@Nahomi: What do you mean by saying that there is another comment just like mine? It is mine. 🙂

  24. Johnny B says :

    No “Cacophony”. I call shenanigans.

  25. Marjorie Witt says :

    Stupendous list!

  26. Kate B says :

    Thank you for expanding my mind and vocabulary

  27. Ness says :

    Pronunciations of the words would be a great help.

  28. Eldest Toot says :

    I had four bowls for breakfast but only one was cereal

  29. Nirmalya Chakraborty says :

    I would request to add a word if possible.”Myriad”.Thank You

  30. Alexis says :

    This was amazing! I’m only eleven, but everyone in my school thinks I’m a weirdo because I use “nerd words” in my speech. Words like Indeed, Altogether, Whatsoever, etc. It’s apparent these kids need to advance their vocabulary… Another word I believe should be added here is Bombinate.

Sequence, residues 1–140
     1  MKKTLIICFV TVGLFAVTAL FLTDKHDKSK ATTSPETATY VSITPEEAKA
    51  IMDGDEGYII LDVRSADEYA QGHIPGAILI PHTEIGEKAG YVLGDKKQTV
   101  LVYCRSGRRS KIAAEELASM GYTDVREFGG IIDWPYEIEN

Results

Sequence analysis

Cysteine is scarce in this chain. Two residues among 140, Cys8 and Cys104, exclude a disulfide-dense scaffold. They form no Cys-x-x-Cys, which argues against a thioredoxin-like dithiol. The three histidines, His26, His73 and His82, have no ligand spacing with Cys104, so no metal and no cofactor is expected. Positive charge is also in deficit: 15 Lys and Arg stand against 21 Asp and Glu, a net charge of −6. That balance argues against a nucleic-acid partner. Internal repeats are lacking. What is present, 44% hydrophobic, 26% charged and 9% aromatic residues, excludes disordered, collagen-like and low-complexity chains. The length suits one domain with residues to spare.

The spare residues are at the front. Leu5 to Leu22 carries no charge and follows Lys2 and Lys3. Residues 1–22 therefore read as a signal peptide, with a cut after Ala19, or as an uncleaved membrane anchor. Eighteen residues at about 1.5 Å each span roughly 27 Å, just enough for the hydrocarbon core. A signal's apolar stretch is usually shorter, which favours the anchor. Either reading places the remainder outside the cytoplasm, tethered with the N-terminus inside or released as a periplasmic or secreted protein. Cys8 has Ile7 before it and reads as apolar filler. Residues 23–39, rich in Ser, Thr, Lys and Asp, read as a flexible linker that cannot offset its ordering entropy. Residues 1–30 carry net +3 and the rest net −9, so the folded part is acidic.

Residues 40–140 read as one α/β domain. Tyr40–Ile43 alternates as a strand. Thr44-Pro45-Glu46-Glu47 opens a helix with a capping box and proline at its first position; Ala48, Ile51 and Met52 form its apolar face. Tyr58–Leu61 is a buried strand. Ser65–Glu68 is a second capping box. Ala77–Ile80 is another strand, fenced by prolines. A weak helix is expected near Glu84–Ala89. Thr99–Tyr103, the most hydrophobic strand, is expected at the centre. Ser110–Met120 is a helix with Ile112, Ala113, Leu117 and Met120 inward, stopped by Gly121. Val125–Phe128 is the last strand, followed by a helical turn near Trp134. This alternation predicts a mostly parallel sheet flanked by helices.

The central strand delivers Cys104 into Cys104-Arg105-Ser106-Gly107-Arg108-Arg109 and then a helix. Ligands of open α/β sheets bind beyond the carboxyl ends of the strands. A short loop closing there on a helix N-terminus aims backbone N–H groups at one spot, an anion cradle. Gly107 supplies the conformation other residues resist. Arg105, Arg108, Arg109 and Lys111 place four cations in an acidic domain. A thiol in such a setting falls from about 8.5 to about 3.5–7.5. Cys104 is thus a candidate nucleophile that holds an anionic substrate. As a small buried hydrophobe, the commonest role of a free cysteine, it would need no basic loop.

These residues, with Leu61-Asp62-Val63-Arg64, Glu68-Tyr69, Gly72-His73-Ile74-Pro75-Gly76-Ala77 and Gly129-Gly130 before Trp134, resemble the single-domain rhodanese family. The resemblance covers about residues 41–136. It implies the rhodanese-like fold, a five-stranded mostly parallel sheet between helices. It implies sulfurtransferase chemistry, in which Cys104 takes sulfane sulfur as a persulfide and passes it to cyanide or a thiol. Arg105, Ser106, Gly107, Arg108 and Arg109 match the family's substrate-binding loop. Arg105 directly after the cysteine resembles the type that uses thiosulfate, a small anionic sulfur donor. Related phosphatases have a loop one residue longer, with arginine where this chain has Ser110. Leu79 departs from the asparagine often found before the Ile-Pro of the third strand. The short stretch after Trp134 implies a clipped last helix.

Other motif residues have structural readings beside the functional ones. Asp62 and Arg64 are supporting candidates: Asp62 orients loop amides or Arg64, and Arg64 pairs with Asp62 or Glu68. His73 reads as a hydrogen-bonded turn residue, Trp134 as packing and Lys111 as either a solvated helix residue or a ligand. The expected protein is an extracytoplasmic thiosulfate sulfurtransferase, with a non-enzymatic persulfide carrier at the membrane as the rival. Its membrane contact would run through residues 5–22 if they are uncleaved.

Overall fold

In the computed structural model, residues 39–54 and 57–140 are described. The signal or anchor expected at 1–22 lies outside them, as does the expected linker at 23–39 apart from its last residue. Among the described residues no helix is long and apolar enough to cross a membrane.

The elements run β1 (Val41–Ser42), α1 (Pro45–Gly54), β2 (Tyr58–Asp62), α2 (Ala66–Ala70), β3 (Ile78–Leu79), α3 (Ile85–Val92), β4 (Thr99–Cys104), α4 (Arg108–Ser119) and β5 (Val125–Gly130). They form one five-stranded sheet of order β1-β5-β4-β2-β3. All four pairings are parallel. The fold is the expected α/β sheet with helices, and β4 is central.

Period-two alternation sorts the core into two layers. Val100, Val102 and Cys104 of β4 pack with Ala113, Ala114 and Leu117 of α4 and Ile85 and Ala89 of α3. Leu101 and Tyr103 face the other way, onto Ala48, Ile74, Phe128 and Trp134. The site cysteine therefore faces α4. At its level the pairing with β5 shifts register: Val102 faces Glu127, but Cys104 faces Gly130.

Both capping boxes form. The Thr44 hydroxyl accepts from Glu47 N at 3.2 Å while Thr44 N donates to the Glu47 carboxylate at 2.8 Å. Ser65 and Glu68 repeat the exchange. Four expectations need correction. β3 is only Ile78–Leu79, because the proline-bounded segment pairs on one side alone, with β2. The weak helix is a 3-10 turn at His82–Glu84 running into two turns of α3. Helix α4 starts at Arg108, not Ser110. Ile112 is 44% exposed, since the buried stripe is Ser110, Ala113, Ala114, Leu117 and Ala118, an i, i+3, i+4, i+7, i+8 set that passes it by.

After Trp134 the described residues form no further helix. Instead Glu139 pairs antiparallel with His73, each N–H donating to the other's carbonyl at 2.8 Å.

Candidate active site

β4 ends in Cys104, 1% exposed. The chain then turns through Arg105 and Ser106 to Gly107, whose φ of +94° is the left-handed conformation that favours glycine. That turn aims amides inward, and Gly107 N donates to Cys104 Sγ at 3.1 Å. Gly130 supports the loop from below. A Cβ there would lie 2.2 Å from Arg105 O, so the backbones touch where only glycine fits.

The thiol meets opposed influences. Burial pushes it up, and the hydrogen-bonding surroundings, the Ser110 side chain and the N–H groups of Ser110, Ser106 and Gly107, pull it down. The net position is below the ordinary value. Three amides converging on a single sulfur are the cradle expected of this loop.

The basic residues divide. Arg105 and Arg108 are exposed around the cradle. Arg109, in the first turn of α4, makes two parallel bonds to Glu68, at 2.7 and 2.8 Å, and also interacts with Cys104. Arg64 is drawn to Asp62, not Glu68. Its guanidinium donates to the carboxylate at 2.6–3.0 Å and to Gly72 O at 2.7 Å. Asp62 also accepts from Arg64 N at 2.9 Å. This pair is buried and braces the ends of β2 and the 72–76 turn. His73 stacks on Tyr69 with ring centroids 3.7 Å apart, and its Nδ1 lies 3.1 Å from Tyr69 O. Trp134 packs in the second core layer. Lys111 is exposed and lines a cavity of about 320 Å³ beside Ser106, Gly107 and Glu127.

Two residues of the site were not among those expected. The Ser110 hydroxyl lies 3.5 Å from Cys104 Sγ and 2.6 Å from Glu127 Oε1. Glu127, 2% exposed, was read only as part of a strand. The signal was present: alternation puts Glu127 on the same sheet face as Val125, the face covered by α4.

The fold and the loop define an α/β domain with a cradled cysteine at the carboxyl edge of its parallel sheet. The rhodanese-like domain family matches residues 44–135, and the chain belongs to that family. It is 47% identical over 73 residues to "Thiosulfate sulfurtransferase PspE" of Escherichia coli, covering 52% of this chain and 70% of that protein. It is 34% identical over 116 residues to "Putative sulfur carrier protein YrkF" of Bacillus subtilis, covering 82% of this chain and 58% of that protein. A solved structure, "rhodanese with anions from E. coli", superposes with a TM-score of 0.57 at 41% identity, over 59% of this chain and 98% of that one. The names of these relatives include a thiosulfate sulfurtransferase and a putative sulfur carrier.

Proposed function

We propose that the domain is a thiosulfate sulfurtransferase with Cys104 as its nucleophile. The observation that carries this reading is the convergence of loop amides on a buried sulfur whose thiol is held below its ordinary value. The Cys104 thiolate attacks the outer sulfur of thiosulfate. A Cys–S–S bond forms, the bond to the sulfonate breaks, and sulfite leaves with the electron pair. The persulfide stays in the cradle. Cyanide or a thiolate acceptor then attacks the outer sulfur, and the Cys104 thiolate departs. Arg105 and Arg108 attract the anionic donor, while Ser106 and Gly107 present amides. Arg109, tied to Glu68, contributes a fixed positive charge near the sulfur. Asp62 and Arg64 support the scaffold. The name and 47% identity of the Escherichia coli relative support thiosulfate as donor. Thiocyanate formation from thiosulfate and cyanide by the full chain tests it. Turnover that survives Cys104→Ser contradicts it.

It’s an adjective that means to emit a buzzing or humming noise, and it’s one of my favourite words. Even without Bombinate, this list is magnificent… Good job Zoe!

  31. Paramjeet Singh says :

    Marvelous collection

  32. Quaintrelle says :

    I love these words. Pecunious and mysterious are lovely words too.

  33. annonymous says :

    pronunciation is key to feeling, when given the definition of a word of your liking begins the love of the word.

  34. Panos D. says :

    Fun Fact… Approx. 80% of the above words are Greek.

  35. Majid bhat says :

    love u

  36. Charlo van Bromely says :

    can you please add vivacious in there? it means attractively lively, bubbly and animated.

    kind regards, Charlo van Bromely

  37. Dhayani says :

    Amazing work

  38. sujeewa kumari says :

    I like these words.

  39. Andrea says :

    A lot of these definitions are wrong

  40. Sumbal ijaz says :

    I like it . It will help me a lot.

  41. Kegwin Sikazwe says :

    Beautiful list. Please add “epeolatry & equanimity” to the list. Am glad “petrichor” is already there!